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Battered Women, Their Children, and International Law

The Unintended Consequences of the Hague Child Abduction Convention

Taryn Lindhorst

Publication Year: 2012

An eyeopening appraisal of how current Hague Child Abduction Convention agreements unintentionally harm abused women and their children

Published by: Northeastern University Press

Title Page, Copyright, Dedication

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Contents

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pp. vii-viii

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Foreword

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pp. ix-x

When battered mothers cross international borders with their children, they are often seeking safety with relatives in their home country. But when they cross borders, they also run a risk that the left-behind fathers may petition the court for the return of their children. The 1980 Hague Convention on the Civil Aspects of International...

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Preface

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pp. xi-xiv

This book began because of one woman who reached out for help after fleeing her physically abusive husband. Although all of us who worked on this book have extensive backgrounds in research and practice with women survivors of domestic violence, none of us had heard of the Hague Convention on the Civil Aspects of International...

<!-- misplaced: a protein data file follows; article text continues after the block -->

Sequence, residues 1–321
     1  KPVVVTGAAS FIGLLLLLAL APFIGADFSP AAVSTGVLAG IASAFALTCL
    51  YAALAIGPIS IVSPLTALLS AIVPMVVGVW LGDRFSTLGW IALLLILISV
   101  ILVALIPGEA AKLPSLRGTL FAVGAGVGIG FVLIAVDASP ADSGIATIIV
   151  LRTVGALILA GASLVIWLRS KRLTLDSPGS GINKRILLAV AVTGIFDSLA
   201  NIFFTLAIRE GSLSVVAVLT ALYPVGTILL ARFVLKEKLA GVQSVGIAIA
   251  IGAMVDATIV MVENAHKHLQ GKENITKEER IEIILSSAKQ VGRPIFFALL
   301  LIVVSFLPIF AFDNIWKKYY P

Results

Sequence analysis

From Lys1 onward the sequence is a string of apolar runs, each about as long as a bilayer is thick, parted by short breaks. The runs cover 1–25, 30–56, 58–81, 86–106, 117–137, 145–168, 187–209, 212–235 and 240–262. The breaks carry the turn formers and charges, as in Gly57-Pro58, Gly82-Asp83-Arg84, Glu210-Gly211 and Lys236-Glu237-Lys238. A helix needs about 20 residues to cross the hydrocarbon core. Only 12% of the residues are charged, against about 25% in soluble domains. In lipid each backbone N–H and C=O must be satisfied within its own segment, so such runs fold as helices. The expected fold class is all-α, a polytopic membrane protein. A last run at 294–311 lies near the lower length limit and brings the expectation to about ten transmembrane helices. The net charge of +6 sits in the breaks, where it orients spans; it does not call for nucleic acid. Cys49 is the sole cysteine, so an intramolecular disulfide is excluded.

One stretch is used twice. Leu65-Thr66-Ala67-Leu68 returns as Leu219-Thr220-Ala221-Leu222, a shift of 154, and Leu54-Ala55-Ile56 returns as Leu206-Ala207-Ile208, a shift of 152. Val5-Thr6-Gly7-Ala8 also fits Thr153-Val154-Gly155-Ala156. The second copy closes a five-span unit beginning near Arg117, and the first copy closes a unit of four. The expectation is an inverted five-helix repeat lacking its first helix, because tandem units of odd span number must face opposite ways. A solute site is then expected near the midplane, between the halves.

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Authors’ Note

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pp. xv-

Although many international conventions are administered by the Hague Conference on Private International Law, for ease of reading in this book we refer to the Convention on the Civil Aspects of International Child Abduction as the “Hague Convention” or the “Convention.” For reasons we discuss in the introduction and in appendix B on the research method of the women’s...

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Introduction | Globalization, Families, and Domestic Violence: The Hague Convention in Practice

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pp. 1-27

Falling in love and starting a family is one of the joyful events of life. We are planning for the best when we begin a romantic relationship, full of ideals and hope. But what if the hope of the early days of love becomes a landscape of conflict and destruction? What happens when conflict erupts into physical violence, and into threats that...

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1 | Emotional Terror, Physical Harm, and Women’s Experiences of Domestic Violence

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pp. 28-55